Characterization of late diagnosis of oral cancer in a Brazilian city



Characterization of late diagnosis of oral cancer in a Brazilian city


Caracterización de diagnóstico tardío de cáncer oral en una ciudad brasileña



Manuela Gouvêa Campêlo dos Santos,I Danúbia Roberta de Medeiros Nóbrega,II Gabriella de Vasconcelos Neves,III Hianne Cristinne de Morais Medeiros,III Jozinete Vieira Pereira,IV Daliana Queiroga de Castro GomesIV


I Department of Dentistry. State University of Paraíba. Araruna, PB, Brazil.
II Faculdades Integradas de Patos. Patos, PB, Brazil.
III State University of Paraíba, Campina Grande, PB, Brazil.
IV Department of Dentistry. State University of Paraíba. Campina Grande, PB, Brazil.




Introduction: oral cancer in Brazil still presents high incidence and mortality rates and has different characteristics throughout the national territory. Although in most cases the diagnosis is late, there is a great possibility for cure when patients are treated early.
Objective: to describe the sociodemographic profile of patients with oral squamous cell carcinoma and the possible etiological factors associated.
Methods: this was a descriptive prospective cross-sectional study carried out in Napoleão Laureano Hospital, state of Paraíba, from January 2012 to May 2013. The study included patients with advanced-stage oral squamous cell carcinoma identified during clinical examination and confirmed by histopathology. The following variables were assessed: age, sex, comorbidity, smoking, alcohol use, tumor location, time of development, clinical staging, histopathological grading and proposed treatment.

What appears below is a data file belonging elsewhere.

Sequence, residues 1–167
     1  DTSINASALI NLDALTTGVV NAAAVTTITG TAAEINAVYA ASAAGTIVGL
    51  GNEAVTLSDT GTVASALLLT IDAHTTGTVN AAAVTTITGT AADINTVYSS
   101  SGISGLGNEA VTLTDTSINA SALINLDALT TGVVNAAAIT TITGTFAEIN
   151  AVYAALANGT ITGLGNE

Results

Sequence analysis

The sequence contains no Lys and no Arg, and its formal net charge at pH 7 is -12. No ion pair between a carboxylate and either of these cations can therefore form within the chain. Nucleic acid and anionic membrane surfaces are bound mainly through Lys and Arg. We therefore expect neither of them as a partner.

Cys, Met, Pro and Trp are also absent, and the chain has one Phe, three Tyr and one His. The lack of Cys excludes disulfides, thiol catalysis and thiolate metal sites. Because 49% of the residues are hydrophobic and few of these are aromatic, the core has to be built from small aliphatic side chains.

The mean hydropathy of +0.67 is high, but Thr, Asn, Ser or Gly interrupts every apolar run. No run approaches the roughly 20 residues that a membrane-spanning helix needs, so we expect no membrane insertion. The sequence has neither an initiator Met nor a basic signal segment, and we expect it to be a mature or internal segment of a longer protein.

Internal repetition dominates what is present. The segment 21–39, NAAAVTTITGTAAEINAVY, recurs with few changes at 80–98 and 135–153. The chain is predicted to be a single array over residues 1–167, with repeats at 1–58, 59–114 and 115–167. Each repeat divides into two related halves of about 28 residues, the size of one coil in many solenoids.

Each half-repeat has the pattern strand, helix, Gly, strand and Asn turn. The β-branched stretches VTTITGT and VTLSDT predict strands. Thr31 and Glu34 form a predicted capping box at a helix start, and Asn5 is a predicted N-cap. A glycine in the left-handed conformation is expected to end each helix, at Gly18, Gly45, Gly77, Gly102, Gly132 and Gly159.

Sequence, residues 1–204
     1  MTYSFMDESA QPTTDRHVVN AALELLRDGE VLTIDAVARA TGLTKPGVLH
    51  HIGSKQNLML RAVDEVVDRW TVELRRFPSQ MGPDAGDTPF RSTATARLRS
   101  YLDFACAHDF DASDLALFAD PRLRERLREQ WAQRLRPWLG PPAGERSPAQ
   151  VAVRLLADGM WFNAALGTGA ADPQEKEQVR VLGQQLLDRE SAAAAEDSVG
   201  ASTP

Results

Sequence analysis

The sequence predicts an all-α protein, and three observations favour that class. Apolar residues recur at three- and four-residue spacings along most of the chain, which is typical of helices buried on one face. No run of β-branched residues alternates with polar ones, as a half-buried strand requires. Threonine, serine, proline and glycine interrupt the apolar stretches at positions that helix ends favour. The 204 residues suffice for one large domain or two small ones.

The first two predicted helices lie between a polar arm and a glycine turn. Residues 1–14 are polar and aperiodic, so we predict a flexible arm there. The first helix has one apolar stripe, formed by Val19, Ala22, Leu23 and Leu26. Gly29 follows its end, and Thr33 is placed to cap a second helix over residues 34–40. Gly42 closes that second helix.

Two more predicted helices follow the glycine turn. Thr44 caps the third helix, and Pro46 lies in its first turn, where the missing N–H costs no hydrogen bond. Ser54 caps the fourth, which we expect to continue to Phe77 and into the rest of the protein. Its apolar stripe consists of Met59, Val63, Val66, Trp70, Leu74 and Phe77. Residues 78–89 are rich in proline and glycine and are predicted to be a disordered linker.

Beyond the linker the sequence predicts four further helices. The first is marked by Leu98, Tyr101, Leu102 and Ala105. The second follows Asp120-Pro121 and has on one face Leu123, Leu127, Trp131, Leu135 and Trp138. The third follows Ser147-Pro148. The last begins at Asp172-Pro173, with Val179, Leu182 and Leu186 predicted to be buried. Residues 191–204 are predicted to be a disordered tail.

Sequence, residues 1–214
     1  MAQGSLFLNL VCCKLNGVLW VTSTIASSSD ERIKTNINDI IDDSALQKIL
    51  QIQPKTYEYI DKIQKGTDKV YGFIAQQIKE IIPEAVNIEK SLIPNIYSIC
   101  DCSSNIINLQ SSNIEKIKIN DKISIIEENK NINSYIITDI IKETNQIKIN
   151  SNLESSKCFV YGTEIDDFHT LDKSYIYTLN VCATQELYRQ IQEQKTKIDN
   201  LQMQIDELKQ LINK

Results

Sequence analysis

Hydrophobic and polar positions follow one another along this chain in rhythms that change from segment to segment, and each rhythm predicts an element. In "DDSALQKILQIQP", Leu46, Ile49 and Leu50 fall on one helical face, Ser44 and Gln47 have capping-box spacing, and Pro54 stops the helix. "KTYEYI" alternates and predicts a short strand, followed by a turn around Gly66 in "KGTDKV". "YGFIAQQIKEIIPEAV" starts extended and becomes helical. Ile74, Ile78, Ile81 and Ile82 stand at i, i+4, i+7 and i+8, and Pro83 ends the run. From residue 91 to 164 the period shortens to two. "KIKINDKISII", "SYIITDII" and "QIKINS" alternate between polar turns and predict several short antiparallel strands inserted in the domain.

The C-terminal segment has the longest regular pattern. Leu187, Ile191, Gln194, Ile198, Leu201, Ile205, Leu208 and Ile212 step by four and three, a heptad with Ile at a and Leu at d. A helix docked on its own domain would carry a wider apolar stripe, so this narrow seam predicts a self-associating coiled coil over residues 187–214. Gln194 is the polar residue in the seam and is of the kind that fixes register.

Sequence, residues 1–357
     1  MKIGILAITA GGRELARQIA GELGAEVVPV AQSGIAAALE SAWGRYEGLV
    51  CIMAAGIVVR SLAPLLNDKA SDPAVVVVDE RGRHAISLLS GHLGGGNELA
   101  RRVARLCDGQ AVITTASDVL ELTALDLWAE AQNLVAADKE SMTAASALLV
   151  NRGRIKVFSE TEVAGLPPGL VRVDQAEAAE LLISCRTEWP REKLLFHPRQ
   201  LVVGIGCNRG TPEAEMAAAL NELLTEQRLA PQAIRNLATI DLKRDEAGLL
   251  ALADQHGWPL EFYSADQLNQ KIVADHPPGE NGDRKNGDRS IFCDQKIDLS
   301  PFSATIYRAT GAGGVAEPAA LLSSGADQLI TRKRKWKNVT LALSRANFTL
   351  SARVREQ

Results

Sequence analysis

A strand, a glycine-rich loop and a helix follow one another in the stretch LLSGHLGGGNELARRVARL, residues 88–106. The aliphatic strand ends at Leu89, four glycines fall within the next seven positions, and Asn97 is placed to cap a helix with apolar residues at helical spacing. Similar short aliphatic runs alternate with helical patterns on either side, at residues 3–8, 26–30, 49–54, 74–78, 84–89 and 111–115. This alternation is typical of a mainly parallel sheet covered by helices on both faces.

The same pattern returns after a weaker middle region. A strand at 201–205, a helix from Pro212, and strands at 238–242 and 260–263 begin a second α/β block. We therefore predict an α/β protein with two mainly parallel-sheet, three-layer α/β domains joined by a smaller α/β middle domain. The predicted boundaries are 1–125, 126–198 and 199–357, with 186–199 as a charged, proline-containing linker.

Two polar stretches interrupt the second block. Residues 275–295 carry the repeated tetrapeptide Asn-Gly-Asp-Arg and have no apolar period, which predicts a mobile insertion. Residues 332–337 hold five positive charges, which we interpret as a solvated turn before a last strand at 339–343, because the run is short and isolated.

Results: a total of 15 cases of patients with stage III and IV oral squamous cell carcinoma were found. Of these, 80 % were males with a mean age of 62.59 years and lesions affecting predominantly the mouth floor, followed by the tongue. The most common sign was the presence of tumor greater than 3.0-cm diameter, including ulcerated, leukoplastic and erythroplastic areas, in addition to pain and difficulty in feeding and phonation.
Conclusion: the majority of patients identified, with advanced-stage squamous cell carcinoma showed moderate cellular differentiation between stages III and IV, and was composed by males with smoking and alcohol drinking habits in the seventh decade of life.

Key-words: squamous cell carcinoma, late diagnosis, oral cancer.


Introducción: el cáncer oral en Brasil todavía presenta altos niveles de incidencia y mortalidad y tiene diferentes rasgos en todo el territorio nacional. En la mayoría de los casos el diagnóstico es tardío. Sin embargo, hay una gran posibilidad de cura cuando es tratado desde el principio.
Objetivo: describir el perfil sociodemográfico de los pacientes afectados por carcinoma bucal de células escamosas, así como los posibles factores etiológicos asociados.